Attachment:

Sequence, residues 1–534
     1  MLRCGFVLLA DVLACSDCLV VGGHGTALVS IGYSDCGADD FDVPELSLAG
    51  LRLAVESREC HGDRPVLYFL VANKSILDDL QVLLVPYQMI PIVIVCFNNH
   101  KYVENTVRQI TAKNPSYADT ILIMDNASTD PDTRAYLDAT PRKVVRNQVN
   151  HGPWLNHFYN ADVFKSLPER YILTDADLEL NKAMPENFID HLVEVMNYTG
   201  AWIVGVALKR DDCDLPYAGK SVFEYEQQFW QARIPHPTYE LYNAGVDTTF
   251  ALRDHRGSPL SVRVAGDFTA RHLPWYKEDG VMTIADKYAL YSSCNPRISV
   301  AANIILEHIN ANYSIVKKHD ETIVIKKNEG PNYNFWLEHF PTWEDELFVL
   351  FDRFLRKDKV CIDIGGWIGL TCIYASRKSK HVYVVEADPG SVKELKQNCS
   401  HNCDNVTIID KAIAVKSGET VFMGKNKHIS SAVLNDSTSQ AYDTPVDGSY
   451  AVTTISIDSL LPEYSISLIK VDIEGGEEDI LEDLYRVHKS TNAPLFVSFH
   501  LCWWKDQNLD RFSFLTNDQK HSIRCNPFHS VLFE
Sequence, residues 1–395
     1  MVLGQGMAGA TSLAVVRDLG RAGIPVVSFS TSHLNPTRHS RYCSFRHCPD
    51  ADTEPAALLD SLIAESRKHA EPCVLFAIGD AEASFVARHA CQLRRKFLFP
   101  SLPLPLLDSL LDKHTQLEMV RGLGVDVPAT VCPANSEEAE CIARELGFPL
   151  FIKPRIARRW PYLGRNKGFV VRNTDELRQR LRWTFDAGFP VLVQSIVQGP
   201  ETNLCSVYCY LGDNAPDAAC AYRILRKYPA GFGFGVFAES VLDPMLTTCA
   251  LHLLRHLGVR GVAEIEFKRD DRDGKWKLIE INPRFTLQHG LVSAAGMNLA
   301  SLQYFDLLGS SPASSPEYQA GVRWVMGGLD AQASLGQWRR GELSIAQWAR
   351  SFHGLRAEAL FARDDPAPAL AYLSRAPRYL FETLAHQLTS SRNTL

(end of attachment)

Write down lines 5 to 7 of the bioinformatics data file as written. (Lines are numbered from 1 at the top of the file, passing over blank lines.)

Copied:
   151  HGPWLNHFYN ADVFKSLPER YILTDADLEL NKAMPENFID HLVEVMNYTG
   201  AWIVGVALKR DDCDLPYAGK SVFEYEQQFW QARIPHPTYE LYNAGVDTTF
   251  ALRDHRGSPL SVRVAGDFTA RHLPWYKEDG VMTIADKYAL YSSCNPRISV